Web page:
2. include children of preschool age (under six years of age) suspected of having an ASD; and
3. have a multi-disciplinary assessment, or similar, as the reference standard.
Eligible studies included cohort, cross-sectional, randomised test accuracy, and case-control studies. The target condition was ASD.
Two review authors independently assessed all studies for inclusion and extracted data using standardised forms. A third review author settled disagreements. We assessed methodological quality using the QUADAS-2 instrument (Quality Assessment of Studies of Diagnostic Accuracy - Revised). We conducted separate univariate random-effects logistical regressions for sensitivity and specificity for CARS and ADI-R. We conducted meta-analyses of pairs of sensitivity and specificity using bivariate random-effects methods for ADOS.
In this Review, we included 21 sets of analyses reporting different tools or cohorts of children from 13 publications, many with high risk of bias or potential conflicts of interest or a combination of both. Overall, the prevalence of ASD for children in the included analyses was 74%.
For versions and modules of ADOS, there were 12 analyses with 1625 children. Sensitivity of ADOS ranged from 0.76 to 0.98, and specificity ranged from 0.20 to 1.00. The summary sensitivity was 0.94 (95% confidence interval (CI) 0.89 to 0.97), and the summary specificity was 0.80 (95% CI 0.68 to 0.88).
For CARS, there were four analyses with 641 children. Sensitivity of CARS ranged from 0.66 to 0.89, and specificity ranged from 0.21 to 1.00. The summary sensitivity for CARS was 0.80 (95% CI 0.61 to 0.91), and the summary specificity was 0.88 (95% CI 0.64 to 0.96).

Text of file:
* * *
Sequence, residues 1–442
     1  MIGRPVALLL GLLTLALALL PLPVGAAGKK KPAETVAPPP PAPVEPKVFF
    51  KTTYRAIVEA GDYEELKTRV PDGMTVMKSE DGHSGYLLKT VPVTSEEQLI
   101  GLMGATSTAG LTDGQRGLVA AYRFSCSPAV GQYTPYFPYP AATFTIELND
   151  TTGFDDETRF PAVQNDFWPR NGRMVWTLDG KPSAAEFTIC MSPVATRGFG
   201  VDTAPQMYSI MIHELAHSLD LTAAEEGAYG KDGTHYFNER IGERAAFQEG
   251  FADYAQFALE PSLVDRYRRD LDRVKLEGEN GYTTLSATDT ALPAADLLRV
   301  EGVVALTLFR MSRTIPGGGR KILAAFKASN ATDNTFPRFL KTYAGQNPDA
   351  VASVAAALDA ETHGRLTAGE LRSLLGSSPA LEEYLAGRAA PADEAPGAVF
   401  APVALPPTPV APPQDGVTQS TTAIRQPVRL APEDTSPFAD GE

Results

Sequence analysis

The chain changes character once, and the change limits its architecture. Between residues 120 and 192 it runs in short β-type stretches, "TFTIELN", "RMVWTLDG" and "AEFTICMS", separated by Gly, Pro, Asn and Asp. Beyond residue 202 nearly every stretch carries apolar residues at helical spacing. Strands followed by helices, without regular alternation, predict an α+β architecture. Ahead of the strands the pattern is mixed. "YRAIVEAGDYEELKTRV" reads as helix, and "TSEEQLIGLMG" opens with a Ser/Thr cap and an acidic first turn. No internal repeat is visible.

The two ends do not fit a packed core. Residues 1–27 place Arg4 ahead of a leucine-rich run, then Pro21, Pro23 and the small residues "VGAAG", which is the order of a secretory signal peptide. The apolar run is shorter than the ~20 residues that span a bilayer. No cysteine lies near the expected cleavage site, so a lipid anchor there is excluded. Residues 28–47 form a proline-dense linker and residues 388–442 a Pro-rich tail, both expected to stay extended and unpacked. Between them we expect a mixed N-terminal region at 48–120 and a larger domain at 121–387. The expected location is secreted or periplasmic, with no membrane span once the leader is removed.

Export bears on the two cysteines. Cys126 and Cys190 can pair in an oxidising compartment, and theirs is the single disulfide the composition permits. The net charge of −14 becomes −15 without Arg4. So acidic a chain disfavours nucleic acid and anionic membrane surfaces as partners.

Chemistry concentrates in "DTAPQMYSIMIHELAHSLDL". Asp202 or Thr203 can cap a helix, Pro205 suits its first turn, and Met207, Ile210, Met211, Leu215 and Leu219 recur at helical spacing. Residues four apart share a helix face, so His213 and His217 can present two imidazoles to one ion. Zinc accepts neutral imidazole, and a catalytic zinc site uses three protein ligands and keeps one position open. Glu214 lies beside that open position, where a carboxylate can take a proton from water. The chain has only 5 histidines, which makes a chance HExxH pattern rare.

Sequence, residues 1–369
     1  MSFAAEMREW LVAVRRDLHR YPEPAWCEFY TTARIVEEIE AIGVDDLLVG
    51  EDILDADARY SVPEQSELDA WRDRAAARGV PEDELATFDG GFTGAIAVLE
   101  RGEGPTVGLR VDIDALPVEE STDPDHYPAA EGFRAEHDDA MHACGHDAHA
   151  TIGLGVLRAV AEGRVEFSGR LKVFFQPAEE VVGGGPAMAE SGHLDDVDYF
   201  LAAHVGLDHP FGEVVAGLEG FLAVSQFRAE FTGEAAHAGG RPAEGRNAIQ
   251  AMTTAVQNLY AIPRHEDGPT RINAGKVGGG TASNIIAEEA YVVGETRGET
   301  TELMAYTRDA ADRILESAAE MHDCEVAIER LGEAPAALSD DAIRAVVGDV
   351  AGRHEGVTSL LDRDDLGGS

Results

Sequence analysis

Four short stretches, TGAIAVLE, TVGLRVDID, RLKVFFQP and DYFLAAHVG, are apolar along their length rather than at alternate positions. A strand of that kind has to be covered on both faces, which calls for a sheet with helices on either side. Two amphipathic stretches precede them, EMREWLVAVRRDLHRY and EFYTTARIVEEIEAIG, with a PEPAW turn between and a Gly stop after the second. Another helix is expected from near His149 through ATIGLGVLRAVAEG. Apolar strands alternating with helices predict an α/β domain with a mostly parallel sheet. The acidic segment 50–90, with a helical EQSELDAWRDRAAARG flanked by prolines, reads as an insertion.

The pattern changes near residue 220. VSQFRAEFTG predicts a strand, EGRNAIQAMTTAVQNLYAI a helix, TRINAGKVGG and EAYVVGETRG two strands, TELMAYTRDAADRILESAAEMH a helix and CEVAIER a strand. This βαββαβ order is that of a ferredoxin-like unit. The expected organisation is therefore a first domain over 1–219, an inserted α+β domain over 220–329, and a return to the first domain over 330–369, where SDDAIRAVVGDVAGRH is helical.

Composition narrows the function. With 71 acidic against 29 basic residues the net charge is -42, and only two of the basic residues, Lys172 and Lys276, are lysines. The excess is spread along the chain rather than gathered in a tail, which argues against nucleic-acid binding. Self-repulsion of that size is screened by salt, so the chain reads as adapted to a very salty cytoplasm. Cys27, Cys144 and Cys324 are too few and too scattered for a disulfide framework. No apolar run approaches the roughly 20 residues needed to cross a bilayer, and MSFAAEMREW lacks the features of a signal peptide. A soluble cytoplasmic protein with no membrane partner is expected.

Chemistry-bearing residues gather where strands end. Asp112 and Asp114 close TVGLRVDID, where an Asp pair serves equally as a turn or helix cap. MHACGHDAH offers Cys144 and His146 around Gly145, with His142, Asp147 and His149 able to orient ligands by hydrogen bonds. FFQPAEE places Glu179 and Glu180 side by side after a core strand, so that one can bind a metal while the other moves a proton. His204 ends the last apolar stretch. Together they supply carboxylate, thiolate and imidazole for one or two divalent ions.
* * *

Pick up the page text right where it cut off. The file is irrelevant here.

For ADI-R, there were five analyses with 634 children. Sensitivity for ADI-R ranged from 0.19 to 0.75, and specificity ranged from 0.63 to 1.00. The summary sensitivity for the ADI-R was 0.52 (95% CI 0.32 to 0.71), and the summary specificity was 0.84 (95% CI 0.61 to 0.95).
Studies that compared tests were few and too small to allow clear conclusions.
In two studies that included analyses for both ADI-R and ADOS, tests scored similarly for sensitivity, but ADOS scored higher for specificity. In two studies that included analyses for ADI-R, ADOS, and CARS, ADOS had the highest sensitivity and CARS the highest specificity.
In one study that explored individual and additive sensitivity and specificity of ADOS and ADI-R, combining the two tests did not increase the sensitivity nor the specificity of ADOS used alone.
Performance for all tests was lower when we excluded studies at high risk of bias.